Image: NVIDIA

NVIDIA has confirmed that its next Ampere card, the GeForce RTX 3060, will be launching on February 25. The key word here is “launching,” as nobody seems to be sure how many graphics cards will actually be available to purchase when the midrange SKU is released in two weeks. What we do know is that the GPU has been blessed with a relatively bargain starting price of $329, and that NVIDIA won’t be producing a Founders Edition.

“Enter the GeForce RTX 3060, a $329 upgrade launching late February that brings the power of Ampere, our 2nd Generation RTX architecture, to every gamer,” NVIDIA wrote in its original announcement. “With it, you get twice the raster performance and 10x the ray tracing performance of the GeForce GTX 1060 – a massive increase.”

“The GeForce RTX 3060 has the power to dazzle you with immersive ray-traced effects in Control, Cyberpunk 2077, Fortnite, Minecraft with RTX For Windows 10, Watch Dogs: Legion, and many other titles. And of course, NVIDIA DLSS is included, too, greatly accelerating frame rates in over 40 RTX games.”

NVIDIA’s GeForce RTX 3060 is an Ampere-based graphics card equipped with 3,584 CUDA Cores, 12 GB of GDDR5 memory, and a base/boost clock of 1.32/1.78 GHz. First-party benchmarks suggest that the GPU should be a healthy upgrade over its GeForce RTX 2060 predecessor, with the ability to play newer titles such as Cyberpunk 2077 and Watch Dogs: Legion at 60 FPS with ray tracing enabled (1080p, DLSS).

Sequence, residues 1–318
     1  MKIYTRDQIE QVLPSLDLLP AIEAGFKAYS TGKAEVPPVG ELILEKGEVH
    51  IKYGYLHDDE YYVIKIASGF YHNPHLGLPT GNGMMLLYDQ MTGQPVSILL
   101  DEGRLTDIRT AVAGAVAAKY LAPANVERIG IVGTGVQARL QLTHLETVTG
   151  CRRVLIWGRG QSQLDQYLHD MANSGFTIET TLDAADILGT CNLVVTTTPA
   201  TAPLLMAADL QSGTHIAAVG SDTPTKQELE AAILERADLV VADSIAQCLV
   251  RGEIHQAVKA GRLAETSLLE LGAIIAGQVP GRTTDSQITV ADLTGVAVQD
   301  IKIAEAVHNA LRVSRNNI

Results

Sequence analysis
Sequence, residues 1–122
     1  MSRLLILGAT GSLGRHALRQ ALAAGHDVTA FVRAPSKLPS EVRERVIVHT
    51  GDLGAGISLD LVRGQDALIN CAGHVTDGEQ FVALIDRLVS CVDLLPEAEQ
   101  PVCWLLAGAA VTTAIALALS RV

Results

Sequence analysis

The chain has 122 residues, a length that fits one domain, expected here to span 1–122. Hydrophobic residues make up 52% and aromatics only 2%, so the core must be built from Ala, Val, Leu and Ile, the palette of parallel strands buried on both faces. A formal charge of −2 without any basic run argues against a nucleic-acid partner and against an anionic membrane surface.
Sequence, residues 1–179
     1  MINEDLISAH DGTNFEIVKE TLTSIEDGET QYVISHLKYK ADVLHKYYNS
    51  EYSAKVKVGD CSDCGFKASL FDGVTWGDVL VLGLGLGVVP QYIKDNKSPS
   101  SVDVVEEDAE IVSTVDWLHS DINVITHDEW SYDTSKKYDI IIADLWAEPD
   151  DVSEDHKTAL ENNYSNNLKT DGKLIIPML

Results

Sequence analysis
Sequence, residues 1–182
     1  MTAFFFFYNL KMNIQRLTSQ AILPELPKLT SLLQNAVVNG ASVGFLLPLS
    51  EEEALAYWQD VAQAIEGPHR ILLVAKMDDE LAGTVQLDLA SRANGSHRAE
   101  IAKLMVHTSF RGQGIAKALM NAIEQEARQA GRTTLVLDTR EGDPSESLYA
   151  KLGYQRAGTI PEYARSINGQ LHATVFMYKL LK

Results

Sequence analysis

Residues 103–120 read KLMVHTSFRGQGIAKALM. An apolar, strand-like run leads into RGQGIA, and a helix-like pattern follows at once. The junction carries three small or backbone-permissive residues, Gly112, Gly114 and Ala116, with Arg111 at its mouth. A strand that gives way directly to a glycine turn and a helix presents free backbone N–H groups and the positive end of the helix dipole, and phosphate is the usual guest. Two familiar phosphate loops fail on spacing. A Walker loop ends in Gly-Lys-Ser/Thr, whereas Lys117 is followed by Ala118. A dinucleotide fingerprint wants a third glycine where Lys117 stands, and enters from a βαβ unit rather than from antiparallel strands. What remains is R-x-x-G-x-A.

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3 Comments

  1. Well, after you look for it and don’t find it, you can buy an all new but old 1050 or 2060!. Okay okay , the 2060 is still nice, and I still believe the 2000 series was killed (now zombified?) Too early.

  2. [QUOTE=”Uvilla, post: 29514, member: 397″]
    Well, after you look for it and don’t find it, you can buy an all new but old 1050 or 2060!. Okay okay , the 2060 is still nice, and I still believe the 2000 series was killed (now zombified?) Too early.
    [/QUOTE]
    It was unbalanced, more or less.

    Basically Nvidia knew they could do better at that time, but the fabs weren’t ready, so they had to dial back a bit, and RT is where that happened. GPUs still had to be faster than the previous generation at normal stuff to get sales of course.

    It was a good strategy and it worked, largely because AMD was (and is) no threat when it comes to top-end performance and quality implementation of new GPU technologies, but it also wasn’t going to really sell ray-tracing as a solution to the market as a whole, so the generation had a bit more ‘planned obsolescence’ built in that usual, so to speak.

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